Update on 2010 Hospital Inpatient Quality-Reporting Requirements

04 August 2009 Publication
Authors: Lawrence W. Vernaglia

American Health Lawyers Association

By Lawrence W. Vernaglia and Cheryl Wagonhurst

It is no surprise that reporting quality-of-care data in Medicare continues to grow in materiality and is an important component leading to healthcare reform's overall success. After all, the government has made it clear in several forums that the public trust will only reward for good quality of care. Reporting of data about quality of care is not unique to inpatient hospital services. Medicare now requires reporting for inpatient and outpatient hospital services, physicians and other practitioners, home health agencies, skilled nursing facilities, and end-stage renal disease facilities.

On July 31, 2009, the Centers for Medicare & Medicaid Services (CMS) issued a Final Rule on payment rates for the Hospital Inpatient Perspective Payment System (IPPS), including modest, incremental changes to the quality-reporting system. However, due to the small inflation factor for 2011, the impact of the quality-reporting requirements is significant. For discharges on or after October 1, 2009, hospitals that do not successfully report quality measures in accordance with the terms of the Final Rule will have virtually all of their annual inflation update eliminated from their 2011 inpatient rates. (For 2009, hospitals that did not report would still have received a 1.6% update.) The IPPS Final Rule is scheduled to be published on August 27, 2009.

Originally styled as a "financial incentive" program under Section 501(b) of the Medicare Prescription Drug Improvement and Modernization Act of 2003, Pub. L. 108-173 (MMA), and enhanced under Section 5001(a) of the Deficit Reduction Act of 2005, Pub. L. 109-171 (DRA) and 42 C.F.R. 412.64(d)(2), hospitals that do not report data are subject to a reduction in their annual payment update of 2%. (Hospital inpatient reporting is called the Reporting Hospital Quality Data for Annual Payment Update or RHQDAPU.) Notable elements of this Final Rule relating to inpatient quality-measure reporting include the following:

  • New RHQDAPU Measures. CMS retained the existing forty-three RHQDAPU measures for the FY 2010 payment update and added four additional measures. Two new measures relate to surgical care improvement and redemption of surgical infection, both of which require medical chart review to obstruct the data. The two new structural measures relate to participation in registries for stroke care and nursing sensitive care. Each of the RHQDAPU measures are abstracted from other national measures such as the Institute of Medicine (IOM) and the Leapfrog Groups' "three leaps" measures.
  • No Change to HAC List. CMS has not increased the number of Hospital Acquired Conditions (HACs) for FY 2010. (Under the HAC provisions, hospitals that report a secondary diagnosis that is on the HAC list, and which was not identified as present on admission (POA) will not receive the higher-severity-adjusted "MS-DRG" payment for that HAC).
  • Use With Hospital Compare. The quality reporting under the RHQDAPU program is not only important for avoiding a 2% payment cut, as these data are also reported by the Department of Health and Human Services' (HHS) Hospital Compare tool.
  • When to Retire a Guideline. The preamble to the Final Rule includes discussion on decisions around whether and when to retire various of the quality measures. Obviously, it is unreasonable to include a quality measure that is inconsistent with current clinical guidelines. Indeed, CMS is aware that quality measures should be evaluated for "negative unintended consequences."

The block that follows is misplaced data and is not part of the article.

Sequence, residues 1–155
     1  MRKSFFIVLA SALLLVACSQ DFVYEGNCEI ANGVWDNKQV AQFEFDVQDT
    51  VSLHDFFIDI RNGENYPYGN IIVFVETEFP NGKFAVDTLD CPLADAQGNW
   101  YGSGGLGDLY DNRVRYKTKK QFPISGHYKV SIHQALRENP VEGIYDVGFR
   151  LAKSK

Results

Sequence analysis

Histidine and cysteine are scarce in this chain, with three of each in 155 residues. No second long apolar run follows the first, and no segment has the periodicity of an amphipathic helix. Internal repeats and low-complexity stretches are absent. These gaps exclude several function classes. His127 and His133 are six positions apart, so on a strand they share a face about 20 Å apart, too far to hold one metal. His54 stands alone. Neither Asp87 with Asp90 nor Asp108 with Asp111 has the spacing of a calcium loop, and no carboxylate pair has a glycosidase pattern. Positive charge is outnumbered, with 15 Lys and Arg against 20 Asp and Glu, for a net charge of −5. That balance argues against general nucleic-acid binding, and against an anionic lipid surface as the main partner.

• Validation of Hospital Reports. CMS will randomly select 800 hospitals that submitted chart-abstracted data for at least 100 discharges combined for validation. CMS will select hospitals for the FY 2012 validation if they met the 100-case threshold during calendar year 2009. Hospitals that do not comply with the validation may receive a zero score to each measure in each missing record. Hospitals will have to meet a passing threshold of 75% (down from 80%) and would have the opportunity to appeal the results to their Quality Improvement Organization (QIO).
  • Appeal Rights Have Special Requirements. Hospitals dissatisfied with the penalty of the loss of the 2% payment increase must request a reconsideration by November 1, 2009. CMS believes that the request for reconsideration must be submitted (and, apparently, denied) prior to filing an appeal with the Provider Reimbursement Review Board (PRRB). There are some additional appeal requirements associated with the request for reconsideration, such as the requirement for hospital chief executive officer (CEO) signature, that are worth noting by any hospital seeking to appeal a 2% payment reduction.
  • Electronic Acknowledgement is New Compliance Risk. CMS is now requiring hospitals to "electronically acknowledge" the "completeness and accuracy" of the data submitted for RHQDAPU payment determinations. This change heightens the awareness of the compliance considerations inherent in quality data reporting with such a significant payment factor associated.

In light of the above, recipients of Medicare payments have an opportunity to be proactive in their efforts. Such proactive efforts would not only ensure that recipients of Medicare payments receive the benefit of appropriate reimbursement but will also help to reduce compliance risks in this area. Such examples include: (1) ensuring that the reported data is accurate and complete; and (2) conducting proactive assessments of the structures, systems, and processes to ensure that quality of care is appropriately delivered and documented accordingly.

Access the CMS press release and fact sheet that accompanied the rule's release. 

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